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Decoding Dealbreakers

Decoding Dealbreakers


He’s cheap, he checks out other women, his breath smells, he won’t go down on me, he takes longer than me to get ready, he answered the phone during a movie, he lied to the host and said he was a doctor to get a table, he’s too negative, he’s too positive…. And the list goes on and on and ON! No wonder singledom is lasting well into our 30s – our dealbreaker list is longer than a line to get into a Justin Bieber concert. Now, don’t get me wrong, as you know by now, I am a champion of choosy, but in the MD lab, I’ve been wondering if perhaps we are decoding our relationship red lights improperly. Could these dealbreakers be more than meets the eye?

All this talk lately about settling raises the age ol’ question among women, “Am I too picky?” Your mom will say, “Yes” before you finish asking the question but she as we know has an agenda. Your BFF who last saw you with a trade down will say, “No” because she is your #1 fan and think you can do better. Well here’s what I think. When it comes to creating your dealbreaker list, you have to look beyond the surface to see what the non-negotiable is representing because it is deeper than it appears.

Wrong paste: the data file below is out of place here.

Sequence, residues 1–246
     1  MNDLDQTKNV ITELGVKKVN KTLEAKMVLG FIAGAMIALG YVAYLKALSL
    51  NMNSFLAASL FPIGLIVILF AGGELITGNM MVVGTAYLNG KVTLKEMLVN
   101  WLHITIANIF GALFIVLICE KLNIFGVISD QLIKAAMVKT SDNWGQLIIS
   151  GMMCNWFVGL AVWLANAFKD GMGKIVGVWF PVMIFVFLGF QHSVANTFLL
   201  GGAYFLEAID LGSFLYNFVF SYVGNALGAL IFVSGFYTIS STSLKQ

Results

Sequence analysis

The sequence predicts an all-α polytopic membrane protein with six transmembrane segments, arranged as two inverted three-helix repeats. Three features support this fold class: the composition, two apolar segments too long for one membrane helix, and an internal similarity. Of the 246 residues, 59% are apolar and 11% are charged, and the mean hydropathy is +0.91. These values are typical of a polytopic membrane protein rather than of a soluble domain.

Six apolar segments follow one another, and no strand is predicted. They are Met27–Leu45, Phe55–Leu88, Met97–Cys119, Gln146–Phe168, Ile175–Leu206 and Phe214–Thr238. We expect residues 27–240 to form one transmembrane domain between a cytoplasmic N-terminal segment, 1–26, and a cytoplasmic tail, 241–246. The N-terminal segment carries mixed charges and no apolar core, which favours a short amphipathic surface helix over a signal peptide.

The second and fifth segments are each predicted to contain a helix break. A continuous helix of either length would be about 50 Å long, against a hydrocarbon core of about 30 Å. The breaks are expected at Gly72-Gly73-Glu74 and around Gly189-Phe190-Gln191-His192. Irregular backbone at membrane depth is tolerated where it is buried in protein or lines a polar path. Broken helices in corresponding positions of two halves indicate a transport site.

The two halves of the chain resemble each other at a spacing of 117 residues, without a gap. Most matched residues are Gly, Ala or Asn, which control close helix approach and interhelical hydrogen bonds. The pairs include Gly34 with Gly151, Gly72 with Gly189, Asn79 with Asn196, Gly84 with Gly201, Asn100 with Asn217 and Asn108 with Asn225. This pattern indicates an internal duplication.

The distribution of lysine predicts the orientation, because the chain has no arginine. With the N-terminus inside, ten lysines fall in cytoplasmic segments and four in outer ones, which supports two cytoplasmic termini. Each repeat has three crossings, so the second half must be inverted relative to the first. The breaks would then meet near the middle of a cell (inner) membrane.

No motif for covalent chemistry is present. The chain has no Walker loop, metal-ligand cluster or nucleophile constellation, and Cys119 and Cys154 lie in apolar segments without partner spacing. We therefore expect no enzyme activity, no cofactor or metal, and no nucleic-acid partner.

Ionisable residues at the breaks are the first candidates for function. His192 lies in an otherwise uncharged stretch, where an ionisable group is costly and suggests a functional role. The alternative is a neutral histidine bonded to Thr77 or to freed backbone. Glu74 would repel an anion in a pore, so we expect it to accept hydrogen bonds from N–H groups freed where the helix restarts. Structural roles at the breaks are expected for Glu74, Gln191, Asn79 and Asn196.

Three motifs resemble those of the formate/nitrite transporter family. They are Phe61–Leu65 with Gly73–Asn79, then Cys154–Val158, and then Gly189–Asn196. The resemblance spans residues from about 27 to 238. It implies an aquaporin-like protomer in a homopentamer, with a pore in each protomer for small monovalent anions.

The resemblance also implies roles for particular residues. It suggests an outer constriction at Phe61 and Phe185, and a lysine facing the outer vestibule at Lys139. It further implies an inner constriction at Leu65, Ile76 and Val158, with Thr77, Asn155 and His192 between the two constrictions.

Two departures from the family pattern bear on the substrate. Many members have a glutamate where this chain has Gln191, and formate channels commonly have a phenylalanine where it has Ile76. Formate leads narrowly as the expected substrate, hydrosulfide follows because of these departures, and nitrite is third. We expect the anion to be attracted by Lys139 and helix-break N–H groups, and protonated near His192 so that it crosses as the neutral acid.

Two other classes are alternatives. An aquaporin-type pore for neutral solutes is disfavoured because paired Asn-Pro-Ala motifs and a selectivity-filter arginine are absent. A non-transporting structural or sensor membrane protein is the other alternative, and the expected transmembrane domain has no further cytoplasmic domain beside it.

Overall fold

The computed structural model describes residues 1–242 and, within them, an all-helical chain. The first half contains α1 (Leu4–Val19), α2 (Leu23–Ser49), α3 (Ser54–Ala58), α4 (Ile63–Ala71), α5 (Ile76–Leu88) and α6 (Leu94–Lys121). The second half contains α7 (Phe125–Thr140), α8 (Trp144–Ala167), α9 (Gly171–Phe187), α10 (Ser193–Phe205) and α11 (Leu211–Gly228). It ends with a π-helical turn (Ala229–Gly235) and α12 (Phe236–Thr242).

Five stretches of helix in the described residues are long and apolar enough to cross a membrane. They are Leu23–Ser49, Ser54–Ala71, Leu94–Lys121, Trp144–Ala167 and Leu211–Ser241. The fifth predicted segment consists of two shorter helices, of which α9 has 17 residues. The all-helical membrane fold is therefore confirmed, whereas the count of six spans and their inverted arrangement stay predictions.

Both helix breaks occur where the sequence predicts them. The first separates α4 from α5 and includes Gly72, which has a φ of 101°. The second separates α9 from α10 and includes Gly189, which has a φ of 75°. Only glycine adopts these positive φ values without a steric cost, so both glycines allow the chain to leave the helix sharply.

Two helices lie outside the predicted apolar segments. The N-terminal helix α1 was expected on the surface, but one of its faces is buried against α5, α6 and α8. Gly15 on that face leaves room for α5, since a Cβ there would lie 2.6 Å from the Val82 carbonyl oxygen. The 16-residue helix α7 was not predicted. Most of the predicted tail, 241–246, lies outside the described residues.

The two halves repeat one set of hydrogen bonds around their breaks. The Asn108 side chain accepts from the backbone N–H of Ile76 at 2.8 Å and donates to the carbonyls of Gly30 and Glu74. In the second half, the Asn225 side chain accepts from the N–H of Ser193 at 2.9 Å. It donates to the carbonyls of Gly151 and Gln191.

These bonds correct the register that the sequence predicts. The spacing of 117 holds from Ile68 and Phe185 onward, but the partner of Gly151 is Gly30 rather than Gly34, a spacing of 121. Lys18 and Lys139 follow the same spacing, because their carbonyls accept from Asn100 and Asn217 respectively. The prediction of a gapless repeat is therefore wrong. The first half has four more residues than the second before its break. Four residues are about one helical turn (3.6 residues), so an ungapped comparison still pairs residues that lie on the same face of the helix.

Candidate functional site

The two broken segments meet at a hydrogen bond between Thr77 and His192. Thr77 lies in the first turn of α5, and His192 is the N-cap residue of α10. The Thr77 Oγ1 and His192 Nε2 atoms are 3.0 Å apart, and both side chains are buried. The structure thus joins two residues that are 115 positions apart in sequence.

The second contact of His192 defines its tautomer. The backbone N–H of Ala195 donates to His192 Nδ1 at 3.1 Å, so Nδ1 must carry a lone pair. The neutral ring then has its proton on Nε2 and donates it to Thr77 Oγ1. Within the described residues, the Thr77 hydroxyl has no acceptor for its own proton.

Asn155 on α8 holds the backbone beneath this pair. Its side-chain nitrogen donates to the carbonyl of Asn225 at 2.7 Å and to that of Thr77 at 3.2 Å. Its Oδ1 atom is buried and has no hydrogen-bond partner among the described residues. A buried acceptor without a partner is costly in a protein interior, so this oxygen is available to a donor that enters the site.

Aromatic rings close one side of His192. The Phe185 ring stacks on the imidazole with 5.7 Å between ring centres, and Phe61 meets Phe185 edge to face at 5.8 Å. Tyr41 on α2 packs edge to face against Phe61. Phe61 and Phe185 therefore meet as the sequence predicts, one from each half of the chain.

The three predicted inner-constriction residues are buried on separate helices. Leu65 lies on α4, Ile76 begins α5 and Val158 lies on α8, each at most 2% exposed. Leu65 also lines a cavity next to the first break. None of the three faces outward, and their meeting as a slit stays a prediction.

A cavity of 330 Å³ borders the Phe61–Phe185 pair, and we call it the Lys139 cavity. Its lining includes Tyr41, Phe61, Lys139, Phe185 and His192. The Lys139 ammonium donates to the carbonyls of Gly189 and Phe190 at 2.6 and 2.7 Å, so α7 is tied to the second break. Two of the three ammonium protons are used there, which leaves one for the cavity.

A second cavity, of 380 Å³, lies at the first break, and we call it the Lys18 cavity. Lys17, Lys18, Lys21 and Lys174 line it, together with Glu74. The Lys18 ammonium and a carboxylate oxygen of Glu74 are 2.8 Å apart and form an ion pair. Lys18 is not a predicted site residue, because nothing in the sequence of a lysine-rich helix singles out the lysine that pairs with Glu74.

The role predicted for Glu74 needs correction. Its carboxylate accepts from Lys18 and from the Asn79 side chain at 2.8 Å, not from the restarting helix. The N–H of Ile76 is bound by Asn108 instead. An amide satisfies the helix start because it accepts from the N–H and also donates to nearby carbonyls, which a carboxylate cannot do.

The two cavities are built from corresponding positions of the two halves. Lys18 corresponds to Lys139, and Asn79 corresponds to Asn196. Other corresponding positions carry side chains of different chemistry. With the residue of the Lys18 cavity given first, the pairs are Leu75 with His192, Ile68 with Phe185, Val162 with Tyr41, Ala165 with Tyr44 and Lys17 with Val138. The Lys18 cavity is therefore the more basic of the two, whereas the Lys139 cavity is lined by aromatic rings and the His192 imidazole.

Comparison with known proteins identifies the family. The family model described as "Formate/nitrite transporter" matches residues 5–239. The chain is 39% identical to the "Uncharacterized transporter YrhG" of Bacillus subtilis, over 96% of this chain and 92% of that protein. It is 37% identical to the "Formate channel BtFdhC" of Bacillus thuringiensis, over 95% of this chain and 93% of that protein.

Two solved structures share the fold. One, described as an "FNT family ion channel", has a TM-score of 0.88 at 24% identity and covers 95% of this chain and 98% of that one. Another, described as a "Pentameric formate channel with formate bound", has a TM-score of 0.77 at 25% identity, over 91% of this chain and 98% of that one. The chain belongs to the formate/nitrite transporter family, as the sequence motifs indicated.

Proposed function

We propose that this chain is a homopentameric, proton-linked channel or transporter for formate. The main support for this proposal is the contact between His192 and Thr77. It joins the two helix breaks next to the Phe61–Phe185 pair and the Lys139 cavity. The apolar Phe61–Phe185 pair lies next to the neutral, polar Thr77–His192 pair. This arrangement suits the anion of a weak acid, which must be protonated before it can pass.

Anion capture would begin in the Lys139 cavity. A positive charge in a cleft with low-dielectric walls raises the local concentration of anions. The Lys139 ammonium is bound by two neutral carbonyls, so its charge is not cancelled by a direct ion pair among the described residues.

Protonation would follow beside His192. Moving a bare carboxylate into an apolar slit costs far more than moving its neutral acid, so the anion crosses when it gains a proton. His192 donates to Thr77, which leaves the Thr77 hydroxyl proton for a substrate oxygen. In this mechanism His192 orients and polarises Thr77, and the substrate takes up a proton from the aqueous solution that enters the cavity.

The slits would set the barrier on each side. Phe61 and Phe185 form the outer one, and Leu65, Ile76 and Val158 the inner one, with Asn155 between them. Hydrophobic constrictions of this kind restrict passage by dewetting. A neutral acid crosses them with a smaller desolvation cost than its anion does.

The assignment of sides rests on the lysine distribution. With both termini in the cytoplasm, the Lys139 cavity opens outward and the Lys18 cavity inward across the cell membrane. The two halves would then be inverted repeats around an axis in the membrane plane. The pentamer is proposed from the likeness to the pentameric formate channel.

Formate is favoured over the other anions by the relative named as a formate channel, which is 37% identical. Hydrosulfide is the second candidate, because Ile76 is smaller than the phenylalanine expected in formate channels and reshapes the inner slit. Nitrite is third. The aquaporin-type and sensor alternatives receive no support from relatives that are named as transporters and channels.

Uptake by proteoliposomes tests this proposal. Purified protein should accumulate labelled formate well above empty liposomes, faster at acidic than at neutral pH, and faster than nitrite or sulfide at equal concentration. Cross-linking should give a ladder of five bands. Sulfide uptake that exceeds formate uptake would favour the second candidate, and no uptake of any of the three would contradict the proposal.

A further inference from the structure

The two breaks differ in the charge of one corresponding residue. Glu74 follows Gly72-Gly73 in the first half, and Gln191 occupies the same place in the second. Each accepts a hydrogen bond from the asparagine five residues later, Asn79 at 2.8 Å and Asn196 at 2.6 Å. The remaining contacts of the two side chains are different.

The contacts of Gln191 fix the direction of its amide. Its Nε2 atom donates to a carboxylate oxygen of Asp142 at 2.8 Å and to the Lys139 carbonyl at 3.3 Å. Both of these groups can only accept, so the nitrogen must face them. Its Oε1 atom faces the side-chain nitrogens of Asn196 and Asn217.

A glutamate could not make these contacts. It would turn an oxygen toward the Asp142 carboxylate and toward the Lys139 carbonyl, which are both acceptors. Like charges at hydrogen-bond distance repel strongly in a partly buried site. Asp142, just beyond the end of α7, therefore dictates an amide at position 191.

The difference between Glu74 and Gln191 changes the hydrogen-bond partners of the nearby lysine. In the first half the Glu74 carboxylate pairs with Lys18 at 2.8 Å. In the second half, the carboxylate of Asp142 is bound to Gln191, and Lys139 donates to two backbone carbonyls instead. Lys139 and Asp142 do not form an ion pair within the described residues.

For example, my friend Shara 86’d a guy because his emails were full of typos. Upon further examination, what she didn’t like about him was that he wasn’t conscientious. Eliminating a mandidate because he has shitty grammar is being impulsively and unreasonably picky, but eliminating one because he isn’t conscientious when that is an attribute you value, that is being insightfully and reasonably picky. Christina ended it with her guy because he was a freelancer. Turns out freelancing represented instability to her and she needs someone with a secure paycheck, insurance, 401K, etc. Danielle peaced out Jeremiah for always interrupting her but it wasn’t because it was so rude (that’s fixable), it was because the interrupting was an indicator of how self-interested Jeremiah was in what he had to say, never in what she had to say.

So when you are looking to red light a prospect, don’t ask, “Am I being too picky?” ask, “Am I being insightfully and reasonably picky?” Dig a little deeper to dissect the real reason you are ctrl-alt-deleting him, otherwise it is a wasted experience whereby you haven’t learned anything significant about your wants/needs, not to mention once you uncover something you’ll have a much stronger defense next time you go up against your griping mother.

Live and love largely,

Tristan

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